If this is right–and I think it is–it suggests that there’s much less space between legal positivism and Dworkinian interpretivism than we might assume. It is not so much that the well-meaning positivist is not an interpretivist. It is merely that, when he interprets the legal sources which are the grounds of law, he should have a somewhat more open-ended understanding of the justification stage than Dworkin had. Moral reasoning is always, again “hermeneutically,” part of the law. Return to the simple example of a command given by an employer to an employee or a parent to a child: under normal circumstances, one would not choose a murderous interpretation over a morally benign one; one does not, as a general rule, interpret one’s linguistic interlocutors so as to render them psychopaths. There is thus always something of a Dworkinian justification stage in interpreting the utterances of others insofar as we assume that our conversation partners are not morally wicked. “I must have misheard you” or “You must have misspoken.” However, as we have seen, a more natural interpretation will generally load other values into the justification stage; the parent does not merely wish the child to behave morally, but also to avoid unreasonable risks of physical injury. An interpretation of the parent's actual purpose which does not take this other component of justification into account is deficient. The more natural–more applicable to everyday linguistic interpretation–we make the justification stage of an interpretivistic theory, the more amenable it would seem to be to at least Austinian positivism. I doubt that Dworkin would be happy with this modification to his theory; he had specific, ideologically derived purposes behind front-loading a theory of Ivy League liberal morality into his theory of law. My refinement of his theory thereby severs the work product from the reason he produced it. However, it is unclear to me that the positivist should object to this modification of Dworkin’s theory. And, if not, the answer to the question in my title: No, Dworkin was not a positivist, but perhaps he should have been?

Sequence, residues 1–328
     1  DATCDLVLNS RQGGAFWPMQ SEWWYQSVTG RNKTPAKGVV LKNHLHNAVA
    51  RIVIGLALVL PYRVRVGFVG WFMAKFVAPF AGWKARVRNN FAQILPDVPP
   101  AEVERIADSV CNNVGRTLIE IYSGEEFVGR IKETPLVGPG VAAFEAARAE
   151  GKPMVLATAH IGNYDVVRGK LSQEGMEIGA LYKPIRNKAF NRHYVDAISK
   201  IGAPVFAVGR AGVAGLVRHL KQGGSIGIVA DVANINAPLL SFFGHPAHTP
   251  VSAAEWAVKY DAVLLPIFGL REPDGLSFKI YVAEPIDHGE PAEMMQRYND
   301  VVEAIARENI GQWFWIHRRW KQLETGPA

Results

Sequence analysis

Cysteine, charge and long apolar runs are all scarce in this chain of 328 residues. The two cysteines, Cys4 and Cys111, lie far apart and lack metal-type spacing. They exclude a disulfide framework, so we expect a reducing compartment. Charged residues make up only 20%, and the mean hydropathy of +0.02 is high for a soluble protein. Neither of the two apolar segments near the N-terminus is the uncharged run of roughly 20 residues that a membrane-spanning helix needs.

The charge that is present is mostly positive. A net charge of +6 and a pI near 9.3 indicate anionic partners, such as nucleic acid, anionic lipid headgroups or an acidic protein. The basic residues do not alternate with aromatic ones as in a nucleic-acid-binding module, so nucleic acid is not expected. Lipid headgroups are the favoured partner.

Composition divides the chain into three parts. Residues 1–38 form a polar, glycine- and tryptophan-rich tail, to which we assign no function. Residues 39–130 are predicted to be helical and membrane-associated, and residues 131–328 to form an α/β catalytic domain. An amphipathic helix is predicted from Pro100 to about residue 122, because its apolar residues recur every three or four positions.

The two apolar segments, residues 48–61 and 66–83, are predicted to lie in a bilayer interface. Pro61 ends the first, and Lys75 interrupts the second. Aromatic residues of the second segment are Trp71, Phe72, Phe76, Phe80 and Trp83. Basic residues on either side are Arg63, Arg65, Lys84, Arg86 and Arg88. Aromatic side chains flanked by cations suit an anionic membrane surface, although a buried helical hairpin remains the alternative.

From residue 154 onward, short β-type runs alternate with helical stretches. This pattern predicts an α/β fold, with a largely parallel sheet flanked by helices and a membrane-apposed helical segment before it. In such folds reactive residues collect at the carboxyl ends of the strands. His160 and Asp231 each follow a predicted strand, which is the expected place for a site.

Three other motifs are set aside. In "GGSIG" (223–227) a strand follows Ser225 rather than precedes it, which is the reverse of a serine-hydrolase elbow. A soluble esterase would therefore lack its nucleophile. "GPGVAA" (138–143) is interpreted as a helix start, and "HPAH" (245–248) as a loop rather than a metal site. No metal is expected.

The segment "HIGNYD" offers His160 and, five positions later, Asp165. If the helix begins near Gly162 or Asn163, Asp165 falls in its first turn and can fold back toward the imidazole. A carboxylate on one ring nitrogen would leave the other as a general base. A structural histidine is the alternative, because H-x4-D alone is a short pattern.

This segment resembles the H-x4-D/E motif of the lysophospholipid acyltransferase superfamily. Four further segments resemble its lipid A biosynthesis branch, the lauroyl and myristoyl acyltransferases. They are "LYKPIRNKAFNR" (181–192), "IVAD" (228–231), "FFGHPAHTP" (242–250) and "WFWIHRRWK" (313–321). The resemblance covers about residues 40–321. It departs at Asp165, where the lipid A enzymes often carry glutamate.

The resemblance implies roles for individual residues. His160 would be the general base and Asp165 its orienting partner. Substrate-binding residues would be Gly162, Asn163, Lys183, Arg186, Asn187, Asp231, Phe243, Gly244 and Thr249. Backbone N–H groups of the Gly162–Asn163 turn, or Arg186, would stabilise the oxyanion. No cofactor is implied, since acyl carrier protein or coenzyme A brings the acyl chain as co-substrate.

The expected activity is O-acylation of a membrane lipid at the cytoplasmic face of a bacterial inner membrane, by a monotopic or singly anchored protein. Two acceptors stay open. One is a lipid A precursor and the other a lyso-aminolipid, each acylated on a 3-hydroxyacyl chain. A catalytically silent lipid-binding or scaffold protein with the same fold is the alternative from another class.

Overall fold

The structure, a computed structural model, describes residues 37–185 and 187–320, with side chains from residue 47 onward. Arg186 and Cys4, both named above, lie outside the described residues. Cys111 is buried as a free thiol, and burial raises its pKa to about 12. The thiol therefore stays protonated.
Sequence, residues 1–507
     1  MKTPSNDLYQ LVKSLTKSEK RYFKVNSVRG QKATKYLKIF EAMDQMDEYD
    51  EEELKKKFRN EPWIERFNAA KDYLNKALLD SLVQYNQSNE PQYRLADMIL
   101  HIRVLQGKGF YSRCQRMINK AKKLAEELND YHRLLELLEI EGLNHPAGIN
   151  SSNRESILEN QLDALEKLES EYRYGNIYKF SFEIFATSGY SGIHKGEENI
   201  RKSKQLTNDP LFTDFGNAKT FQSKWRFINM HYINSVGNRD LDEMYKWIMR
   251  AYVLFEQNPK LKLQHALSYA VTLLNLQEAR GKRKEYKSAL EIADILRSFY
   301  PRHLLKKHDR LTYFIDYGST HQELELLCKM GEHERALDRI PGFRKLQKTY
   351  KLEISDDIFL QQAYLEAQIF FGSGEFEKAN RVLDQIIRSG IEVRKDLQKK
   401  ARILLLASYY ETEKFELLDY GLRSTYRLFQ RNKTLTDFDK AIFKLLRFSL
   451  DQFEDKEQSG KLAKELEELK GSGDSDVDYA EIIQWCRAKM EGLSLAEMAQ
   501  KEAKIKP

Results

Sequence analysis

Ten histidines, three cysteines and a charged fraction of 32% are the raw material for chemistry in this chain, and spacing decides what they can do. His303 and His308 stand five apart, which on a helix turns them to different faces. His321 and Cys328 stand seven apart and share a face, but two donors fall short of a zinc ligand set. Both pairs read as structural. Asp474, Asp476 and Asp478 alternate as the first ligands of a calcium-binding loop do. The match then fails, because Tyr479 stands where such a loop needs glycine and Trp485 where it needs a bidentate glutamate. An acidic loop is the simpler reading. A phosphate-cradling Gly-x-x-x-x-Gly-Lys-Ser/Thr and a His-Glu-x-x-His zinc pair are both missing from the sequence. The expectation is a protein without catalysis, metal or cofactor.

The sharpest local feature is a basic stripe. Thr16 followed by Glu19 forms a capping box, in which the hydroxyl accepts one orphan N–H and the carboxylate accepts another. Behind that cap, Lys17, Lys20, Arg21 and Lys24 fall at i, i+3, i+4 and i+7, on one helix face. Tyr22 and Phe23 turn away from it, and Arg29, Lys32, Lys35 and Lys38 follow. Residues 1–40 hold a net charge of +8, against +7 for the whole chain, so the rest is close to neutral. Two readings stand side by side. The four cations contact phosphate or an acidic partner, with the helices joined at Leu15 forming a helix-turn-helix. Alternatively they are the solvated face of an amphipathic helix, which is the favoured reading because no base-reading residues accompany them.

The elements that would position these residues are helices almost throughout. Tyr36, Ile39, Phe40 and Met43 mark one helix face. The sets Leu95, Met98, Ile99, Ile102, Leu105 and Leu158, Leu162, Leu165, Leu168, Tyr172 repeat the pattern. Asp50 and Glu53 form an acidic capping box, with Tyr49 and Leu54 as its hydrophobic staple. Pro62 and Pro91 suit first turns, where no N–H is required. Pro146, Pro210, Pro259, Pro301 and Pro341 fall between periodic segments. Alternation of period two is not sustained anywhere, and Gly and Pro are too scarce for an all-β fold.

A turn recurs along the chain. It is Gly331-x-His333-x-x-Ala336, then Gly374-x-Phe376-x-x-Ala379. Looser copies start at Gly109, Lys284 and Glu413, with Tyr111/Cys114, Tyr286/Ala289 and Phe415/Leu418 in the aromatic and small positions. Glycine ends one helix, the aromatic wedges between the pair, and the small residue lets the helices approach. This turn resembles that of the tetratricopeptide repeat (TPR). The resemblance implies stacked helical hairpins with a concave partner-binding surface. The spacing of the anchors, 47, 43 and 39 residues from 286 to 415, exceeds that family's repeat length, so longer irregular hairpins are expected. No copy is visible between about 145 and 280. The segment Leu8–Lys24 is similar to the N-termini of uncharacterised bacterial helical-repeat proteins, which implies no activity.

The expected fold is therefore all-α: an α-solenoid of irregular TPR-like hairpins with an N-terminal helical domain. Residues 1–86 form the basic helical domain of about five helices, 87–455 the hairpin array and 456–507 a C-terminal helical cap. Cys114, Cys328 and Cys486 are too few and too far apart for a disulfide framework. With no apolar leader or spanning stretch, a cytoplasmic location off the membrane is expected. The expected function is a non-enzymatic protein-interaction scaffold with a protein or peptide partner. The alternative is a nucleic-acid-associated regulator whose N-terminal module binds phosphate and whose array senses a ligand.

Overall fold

Addendum (Feb. 14, 2022): Another way to think of the normative standards internal to the law is to think that the law encapsulates morality, as Dworkin says, but the conventional morality of the political-legal community, not the objectively true morality. (That Dworkin himself intended the latter view is the unavoidable conclusion of, at least, his Justice for Hedgehogs period.) The norms and values which make up the conventional morality of a particular community are, of course, a sociological fact about that community and is thus fully compatible with a positivistic jurisprudential framework: we can treat the conventional moral norms of a community as part of the social facts which determine what the law is. The problem with this view, as Dworkin himself might point out, is that any attempt to understand the morality of a distinct community, whether our own or a foreign one, will involve an interpretation of their practices which utilizes our own moral concepts in certain, unavoidable ways. A machine learning algorithm with no moral conceptual apparatus whatsoever may be able to sort the moves of players in a legal community between licit and illicit, but I seriously doubt it could ever understand which moves are illicit because of the stamp of disapprobation which accompanies violations of the moral law (or, perhaps, our moral law). Interpreting such standards involves having and applying like standards of our own, even where we come to the conclusion that the community's morality is very different from ours. Thus, there is a danger that an interpretivist approach of this sort can never be truly pure, and will always lapse unconsciously into a true-morality interpretivist framework like Dworkin's. However, such a framework has some advantages over Dworkin's. It respects the pure concept of sovereignty, as seen, for example, in the British notion of parliamentary supremacy, in a way that natural law-infused frameworks cannot. Sovereign authorities may simply wish to command that which we believe to be irredeemably evil, a fact we can presumably never fully acknowledge while following the imperative to place the legal sources in their best moral light; we will always attempt to soften rough edges that the sovereign may not wish to be softened, and that cannot be softened so long as we acknowledge its sovereignty. Further, because no human being has unerring access to "true" morality, the right answer framework Dworkin builds upon moral realism places us in the unhappy position that we can never really know what the law says: so long as we cannot be certain that our moral intuition perfectly tracks true morality in a given case, we cannot know that our attempt to place the law in its best moral light is the right one. The law risks evanescing into the realm of Kantian noumena, where we can never perceive more than its fuzzy reflection. My own view is that we gain far more than we lose by abandoning Dworkin's commitment to moral realism as a position required by the right stance in analytical jurisprudence, especially if we want jurisprudential views which are sufficiently universal to provide a sociological lens on the legal practices of societies with conceptions of true morality very different from our own.